General.ConfigDirectoryAdminPwd=password Required. This is the password for the configuration directory administrator of the old Directory Server (the default username is admin).
--oldsroot -o Required. This is the path to the server root directory in the old 7.1 Directory Server installation. The default path in 7.1 servers is /opt/redhat-ds/.
--actualsroot -a This is used for migrating between two machines to specify the real path to the current server root directory in the old 7.1 Directory Server installation if that directory is mounted on a networked drive or tarballed and moved to a relative directory. In that case, the oldsroot parameter sets the directory from which the migration is run (such as machine_new:/migrate/opt/redhat-ds/), while the actualsroot parameter sets the server root, (/opt/redhat-ds/).
--instance -i This parameter specifies a specific instance to migrate. This parameter can be used multiple time to migrate several instances simultaneously. By default, the migration script migrates all Directory Server instances on the machine.
--file=name -f name This sets the path and name of the .inf file provided with the migration script. The only parameter is the General.ConfigDirectoryAdminPwd parameter, which is the configuration directory administrator's password. Any other configuration setting is ignored by the migration script.
--cross -c or -x This parameter is used when the Directory Server is being migrated from one machine to another with a different architecture. For cross-platform migrations, only certain data are migrated. This migration action takes database information exported to LDIF and imports into the new 8.1 databases. Changelog information is not migrated. If a supplier or hub is migrated, then all its replicas must be reinitialized.
--debug -d[dddd] This parameter turns on debugging information. For the -d flag, increasing the number of d's increases the debug level.
--logfile name -l
This parameter specifies a log file to which to write the output. If this is not set, then the migration information is written to a temporary file, named /tmp/migrateXXXXX.log.
To disable logging, set /dev/null as the logfile.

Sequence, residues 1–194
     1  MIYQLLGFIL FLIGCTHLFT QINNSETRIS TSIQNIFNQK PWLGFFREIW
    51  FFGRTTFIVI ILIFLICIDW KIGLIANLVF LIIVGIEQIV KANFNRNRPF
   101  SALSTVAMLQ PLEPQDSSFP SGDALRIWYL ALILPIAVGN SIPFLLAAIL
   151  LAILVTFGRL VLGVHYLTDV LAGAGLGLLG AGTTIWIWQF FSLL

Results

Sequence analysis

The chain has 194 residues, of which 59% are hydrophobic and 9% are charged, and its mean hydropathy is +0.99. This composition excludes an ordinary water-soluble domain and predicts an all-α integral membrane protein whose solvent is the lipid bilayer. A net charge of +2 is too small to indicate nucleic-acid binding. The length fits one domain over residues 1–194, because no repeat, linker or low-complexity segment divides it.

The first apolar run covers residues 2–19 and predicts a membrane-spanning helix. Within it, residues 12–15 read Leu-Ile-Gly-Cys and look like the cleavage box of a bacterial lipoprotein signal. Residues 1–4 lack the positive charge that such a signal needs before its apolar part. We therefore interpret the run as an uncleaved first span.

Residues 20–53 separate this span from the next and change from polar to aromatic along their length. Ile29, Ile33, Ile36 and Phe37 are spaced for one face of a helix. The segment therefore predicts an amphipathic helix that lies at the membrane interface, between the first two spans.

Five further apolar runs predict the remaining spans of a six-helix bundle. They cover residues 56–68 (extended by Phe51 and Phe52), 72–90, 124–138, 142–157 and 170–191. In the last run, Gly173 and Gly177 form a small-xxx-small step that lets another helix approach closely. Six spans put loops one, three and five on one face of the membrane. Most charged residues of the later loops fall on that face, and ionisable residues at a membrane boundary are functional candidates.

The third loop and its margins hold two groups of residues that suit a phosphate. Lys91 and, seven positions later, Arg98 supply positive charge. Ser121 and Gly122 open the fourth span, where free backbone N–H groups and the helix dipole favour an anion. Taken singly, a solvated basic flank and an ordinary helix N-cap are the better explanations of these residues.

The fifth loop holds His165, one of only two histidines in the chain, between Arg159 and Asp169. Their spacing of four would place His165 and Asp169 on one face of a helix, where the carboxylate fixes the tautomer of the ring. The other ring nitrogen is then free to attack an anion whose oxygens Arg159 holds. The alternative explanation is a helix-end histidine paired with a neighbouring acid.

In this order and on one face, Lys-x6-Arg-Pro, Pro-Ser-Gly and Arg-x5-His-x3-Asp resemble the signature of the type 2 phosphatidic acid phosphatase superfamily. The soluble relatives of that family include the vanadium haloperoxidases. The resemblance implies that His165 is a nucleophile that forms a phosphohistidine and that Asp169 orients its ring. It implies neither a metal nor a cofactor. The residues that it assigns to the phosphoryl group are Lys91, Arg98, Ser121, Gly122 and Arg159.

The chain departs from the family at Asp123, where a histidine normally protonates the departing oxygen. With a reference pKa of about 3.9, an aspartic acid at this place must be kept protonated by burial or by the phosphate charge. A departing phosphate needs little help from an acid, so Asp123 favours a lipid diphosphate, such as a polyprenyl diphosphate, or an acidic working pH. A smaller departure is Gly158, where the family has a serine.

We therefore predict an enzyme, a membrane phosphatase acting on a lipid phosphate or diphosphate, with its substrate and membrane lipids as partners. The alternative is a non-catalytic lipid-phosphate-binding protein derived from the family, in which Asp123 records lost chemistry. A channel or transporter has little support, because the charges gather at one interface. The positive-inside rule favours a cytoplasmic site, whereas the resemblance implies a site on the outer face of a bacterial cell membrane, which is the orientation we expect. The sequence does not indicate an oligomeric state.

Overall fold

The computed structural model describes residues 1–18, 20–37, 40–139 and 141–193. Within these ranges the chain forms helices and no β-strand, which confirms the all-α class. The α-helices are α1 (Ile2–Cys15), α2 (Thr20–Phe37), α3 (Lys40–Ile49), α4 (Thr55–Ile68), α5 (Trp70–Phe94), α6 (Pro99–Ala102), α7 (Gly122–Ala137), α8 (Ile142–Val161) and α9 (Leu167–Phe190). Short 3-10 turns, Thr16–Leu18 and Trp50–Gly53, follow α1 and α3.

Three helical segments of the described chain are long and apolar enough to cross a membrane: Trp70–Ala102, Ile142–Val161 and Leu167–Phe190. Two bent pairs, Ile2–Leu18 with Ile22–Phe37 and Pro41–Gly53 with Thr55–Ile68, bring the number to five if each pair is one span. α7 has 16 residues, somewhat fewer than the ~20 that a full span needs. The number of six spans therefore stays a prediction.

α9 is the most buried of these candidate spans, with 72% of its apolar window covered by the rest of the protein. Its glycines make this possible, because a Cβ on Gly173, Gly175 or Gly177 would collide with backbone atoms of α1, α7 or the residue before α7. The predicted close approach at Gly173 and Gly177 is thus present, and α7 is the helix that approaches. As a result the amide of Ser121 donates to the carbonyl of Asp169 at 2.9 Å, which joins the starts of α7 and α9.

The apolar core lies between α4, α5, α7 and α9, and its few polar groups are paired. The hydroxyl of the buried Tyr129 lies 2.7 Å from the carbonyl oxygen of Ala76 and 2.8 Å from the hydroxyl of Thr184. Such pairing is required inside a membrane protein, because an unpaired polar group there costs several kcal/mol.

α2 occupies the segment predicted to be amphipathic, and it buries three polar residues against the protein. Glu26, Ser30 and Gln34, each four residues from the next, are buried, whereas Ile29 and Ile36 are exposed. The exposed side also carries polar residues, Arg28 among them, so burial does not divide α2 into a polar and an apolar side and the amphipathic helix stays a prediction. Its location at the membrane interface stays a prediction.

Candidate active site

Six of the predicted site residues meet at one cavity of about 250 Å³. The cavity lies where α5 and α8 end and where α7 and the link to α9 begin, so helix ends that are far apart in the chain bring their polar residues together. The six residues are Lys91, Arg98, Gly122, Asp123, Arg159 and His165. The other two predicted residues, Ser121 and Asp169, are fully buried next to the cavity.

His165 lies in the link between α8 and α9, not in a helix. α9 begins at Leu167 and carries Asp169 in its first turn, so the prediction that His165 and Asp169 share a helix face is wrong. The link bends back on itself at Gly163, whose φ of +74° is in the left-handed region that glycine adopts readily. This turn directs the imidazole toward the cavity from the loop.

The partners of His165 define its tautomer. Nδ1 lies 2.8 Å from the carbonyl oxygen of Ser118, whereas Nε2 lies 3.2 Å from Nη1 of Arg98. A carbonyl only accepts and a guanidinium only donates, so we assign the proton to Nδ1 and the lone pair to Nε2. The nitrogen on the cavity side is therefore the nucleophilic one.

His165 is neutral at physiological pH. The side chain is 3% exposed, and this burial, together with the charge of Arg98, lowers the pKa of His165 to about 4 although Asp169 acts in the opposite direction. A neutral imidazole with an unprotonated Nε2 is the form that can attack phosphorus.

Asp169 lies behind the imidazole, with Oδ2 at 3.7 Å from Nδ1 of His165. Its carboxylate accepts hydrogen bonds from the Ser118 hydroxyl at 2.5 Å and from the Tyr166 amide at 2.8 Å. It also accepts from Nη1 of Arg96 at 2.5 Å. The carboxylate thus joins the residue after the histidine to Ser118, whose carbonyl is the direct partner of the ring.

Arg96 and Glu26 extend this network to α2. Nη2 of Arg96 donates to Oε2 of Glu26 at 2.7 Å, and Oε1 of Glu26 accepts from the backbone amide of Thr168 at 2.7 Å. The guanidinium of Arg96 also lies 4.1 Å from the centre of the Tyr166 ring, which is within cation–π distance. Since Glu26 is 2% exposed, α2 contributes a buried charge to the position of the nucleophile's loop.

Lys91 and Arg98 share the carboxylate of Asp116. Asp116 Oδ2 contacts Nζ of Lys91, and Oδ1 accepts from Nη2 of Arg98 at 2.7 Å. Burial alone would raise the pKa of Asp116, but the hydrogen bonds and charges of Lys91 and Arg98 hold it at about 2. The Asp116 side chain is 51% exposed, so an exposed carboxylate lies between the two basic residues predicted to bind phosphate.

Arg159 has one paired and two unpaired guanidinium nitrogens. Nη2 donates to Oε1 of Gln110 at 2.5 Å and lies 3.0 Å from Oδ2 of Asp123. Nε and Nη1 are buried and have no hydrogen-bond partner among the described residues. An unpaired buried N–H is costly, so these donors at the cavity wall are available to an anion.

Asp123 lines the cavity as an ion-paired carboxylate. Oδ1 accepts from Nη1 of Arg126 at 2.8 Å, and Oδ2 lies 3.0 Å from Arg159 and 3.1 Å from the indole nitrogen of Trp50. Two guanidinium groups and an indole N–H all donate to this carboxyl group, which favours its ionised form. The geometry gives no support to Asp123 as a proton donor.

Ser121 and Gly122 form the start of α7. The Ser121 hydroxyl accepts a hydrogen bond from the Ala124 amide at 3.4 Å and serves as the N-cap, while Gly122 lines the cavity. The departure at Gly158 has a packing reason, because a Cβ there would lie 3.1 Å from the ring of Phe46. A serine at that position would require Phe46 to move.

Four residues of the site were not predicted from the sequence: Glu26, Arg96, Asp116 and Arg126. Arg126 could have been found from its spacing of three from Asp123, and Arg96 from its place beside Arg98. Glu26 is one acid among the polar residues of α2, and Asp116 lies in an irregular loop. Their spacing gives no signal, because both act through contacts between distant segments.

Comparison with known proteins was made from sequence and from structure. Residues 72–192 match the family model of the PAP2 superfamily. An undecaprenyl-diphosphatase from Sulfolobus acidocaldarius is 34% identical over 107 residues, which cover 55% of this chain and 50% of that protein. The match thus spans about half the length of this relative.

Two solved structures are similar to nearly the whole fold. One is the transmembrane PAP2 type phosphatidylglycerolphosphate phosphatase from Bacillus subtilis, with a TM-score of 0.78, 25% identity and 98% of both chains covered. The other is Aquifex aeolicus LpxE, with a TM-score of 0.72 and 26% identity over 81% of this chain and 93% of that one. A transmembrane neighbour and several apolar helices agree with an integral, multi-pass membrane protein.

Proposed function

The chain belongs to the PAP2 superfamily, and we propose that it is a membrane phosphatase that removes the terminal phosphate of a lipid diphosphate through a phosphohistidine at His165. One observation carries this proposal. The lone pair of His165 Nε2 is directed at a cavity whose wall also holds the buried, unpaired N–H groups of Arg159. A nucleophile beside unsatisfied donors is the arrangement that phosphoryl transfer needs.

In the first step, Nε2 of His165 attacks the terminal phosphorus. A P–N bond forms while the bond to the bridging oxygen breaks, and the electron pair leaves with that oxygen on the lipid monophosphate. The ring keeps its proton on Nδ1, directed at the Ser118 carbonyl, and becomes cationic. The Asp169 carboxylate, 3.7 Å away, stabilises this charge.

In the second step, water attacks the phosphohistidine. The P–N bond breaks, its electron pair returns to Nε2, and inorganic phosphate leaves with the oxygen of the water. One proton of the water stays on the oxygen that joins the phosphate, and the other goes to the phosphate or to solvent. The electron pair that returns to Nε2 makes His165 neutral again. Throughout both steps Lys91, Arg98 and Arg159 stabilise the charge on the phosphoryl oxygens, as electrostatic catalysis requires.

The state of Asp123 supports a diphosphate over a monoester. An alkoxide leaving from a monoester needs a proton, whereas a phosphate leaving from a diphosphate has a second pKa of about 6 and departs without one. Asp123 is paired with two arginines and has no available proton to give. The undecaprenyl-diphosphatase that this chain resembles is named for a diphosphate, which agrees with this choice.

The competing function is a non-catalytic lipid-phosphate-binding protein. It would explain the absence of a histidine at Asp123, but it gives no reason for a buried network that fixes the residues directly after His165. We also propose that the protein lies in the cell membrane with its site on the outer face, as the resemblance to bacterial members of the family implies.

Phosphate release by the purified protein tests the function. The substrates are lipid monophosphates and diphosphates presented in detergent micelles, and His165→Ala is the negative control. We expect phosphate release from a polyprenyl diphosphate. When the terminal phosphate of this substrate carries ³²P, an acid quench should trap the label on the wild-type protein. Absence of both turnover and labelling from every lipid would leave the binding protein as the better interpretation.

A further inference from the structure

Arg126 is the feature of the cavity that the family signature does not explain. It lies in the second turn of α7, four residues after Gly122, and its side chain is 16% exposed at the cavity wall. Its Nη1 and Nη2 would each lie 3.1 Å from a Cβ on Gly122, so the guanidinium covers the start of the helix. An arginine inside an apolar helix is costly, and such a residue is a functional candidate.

migrate-ds-admin.pl allows the password parameter to be provided on the command line, similar to the setup-ds-admin.pl script. The arguments set the section, parameter, and value of .inf parameters in the following form:
section.parameter=value
The only required argument is the Configuration Directory Server administrator password (ConfigDirectoryAdminPwd):
/usr/sbin/migrate-ds-admin.pl --oldsroot /opt/redhat-ds General.ConfigDirectoryAdminPwd=password
To avoid having this password in the clear on the command line, you can use a .inf file with the migration script that gives the administrator's password:
/usr/sbin/migrate-ds-admin.pl --oldsroot /opt/redhat-ds --file=/export/example.inf
The .inf would have the following two lines:
 [General]
 ConfigDirectoryAdminPwd=password
The migration script takes all of the other settings from the old configuration files in the old server root, specified in --oldsroot. Any other argument passed in the command line or listed in an inf file, such as those used with the setup-ds-admin/pl script, is ignored. The Directory Server configuration parameters are only taken from the old instance. It is not possible to change the configuration settings, such as the hostname or port, using the migration script.

6.2.2. Before Migration

For the safety of the Directory Server data, do these things before beginning to migrate the Directory Server instances:
  • Shut down all Directory Server instances and the Administration Server.
  • Back up all of your databases.
  • For servers which have a different configuration directory, make sure that the Directory Server Console write operations are moved from the configuration directory to the server itself.

6.2.2.1. Backing up the Directory Server Configuration

All of the configuration files for Directory Server 7.1 instances are in the /opt/redhat-ds/slapd-serverID/config directory. Other important configuration files for the Administration Server and for shared configuration are in /opt/redhat-ds/admin-serv/config and /opt/redhat-ds/shared/config. Make a backup of all of these files in a secure location.

6.2.2.2. Configuring the Directory Server Console

If you have a multi-master replication setup which replicates o=NetscapeRoot replicated between the two master servers, server1 and server2. By default, writes made through server2's Directory Server Console are written to server1, then replicated over. Modify the Directory Server Console on the second server (server2) so that it writes its own Console instance instead of server1's.
  1. Shut down the Administration Server and Directory Server.
  2. Change the adm.conf file for the Administration Server to reflect server2 Directory Servers values:
    ldapurl: ldap://server2.example.com:389/o=NetscapeRoot
  3. Change the dse.ldif for the Directory Server to reflect server2 Directory Server's values:
    vim serverRoot/slapd-serverID/config/dse.ldif
     nsslapd-pluginarg0: ldap:///server2.example.com:389/o=NetscapeRoot
  4. Turn off the Pass-through Authentication Plug-in on server2 by editing its dse.ldif file and setting the nsslapd-pluginEnabled value to off.
    vim serverRoot/slapd-serverID/config/dse.ldif
    
    dn: cn=Pass Through Authentication,cn=plugins,cn=config
    nsslapd-pluginEnabled: off  
  5. Restart the Directory Server and Administration Server.

6.2.3. Migrating a Server or Single Instance

To migrate a Directory Server installation to a new one on the same machine, run the migration script, specifying the old server root directory:
/usr/sbin/migrate-ds-admin.pl --oldsroot /opt/redhat-ds General.ConfigDirectoryAdminPwd=password